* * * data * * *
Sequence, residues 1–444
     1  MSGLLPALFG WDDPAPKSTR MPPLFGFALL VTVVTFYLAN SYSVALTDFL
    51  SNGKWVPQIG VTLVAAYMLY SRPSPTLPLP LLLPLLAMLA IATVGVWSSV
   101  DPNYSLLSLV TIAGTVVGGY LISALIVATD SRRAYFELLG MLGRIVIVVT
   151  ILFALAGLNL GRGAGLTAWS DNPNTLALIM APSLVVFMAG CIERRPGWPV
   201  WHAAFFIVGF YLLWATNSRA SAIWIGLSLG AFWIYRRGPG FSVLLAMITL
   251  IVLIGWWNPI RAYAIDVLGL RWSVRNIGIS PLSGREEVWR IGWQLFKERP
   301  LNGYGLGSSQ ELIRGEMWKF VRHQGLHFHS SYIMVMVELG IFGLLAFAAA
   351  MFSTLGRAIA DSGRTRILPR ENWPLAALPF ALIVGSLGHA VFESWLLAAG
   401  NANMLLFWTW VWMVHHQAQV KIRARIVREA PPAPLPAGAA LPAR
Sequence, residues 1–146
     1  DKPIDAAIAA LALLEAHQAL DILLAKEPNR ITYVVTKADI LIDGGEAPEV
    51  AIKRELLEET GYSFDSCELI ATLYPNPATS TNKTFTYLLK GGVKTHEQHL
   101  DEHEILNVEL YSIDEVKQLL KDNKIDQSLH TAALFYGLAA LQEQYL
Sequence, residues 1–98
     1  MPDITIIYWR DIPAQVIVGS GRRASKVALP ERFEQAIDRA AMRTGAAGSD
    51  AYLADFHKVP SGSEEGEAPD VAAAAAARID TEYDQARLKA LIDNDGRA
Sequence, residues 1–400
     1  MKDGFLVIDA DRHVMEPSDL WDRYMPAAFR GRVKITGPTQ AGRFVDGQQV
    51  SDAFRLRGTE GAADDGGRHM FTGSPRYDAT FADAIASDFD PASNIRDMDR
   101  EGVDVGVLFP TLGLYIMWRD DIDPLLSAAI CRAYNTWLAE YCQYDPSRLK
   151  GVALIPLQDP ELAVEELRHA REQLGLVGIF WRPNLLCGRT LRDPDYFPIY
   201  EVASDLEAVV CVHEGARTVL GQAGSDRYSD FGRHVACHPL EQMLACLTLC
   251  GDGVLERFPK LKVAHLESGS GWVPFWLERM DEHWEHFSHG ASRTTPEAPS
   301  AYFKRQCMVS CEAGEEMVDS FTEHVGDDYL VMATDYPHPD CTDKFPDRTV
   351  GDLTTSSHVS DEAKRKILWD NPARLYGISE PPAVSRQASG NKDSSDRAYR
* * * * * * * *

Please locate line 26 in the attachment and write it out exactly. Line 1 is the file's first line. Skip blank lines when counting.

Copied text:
   351  GDLTTSSHVS DEAKRKILWD NPARLYGISE PPAVSRQASG NKDSSDRAYR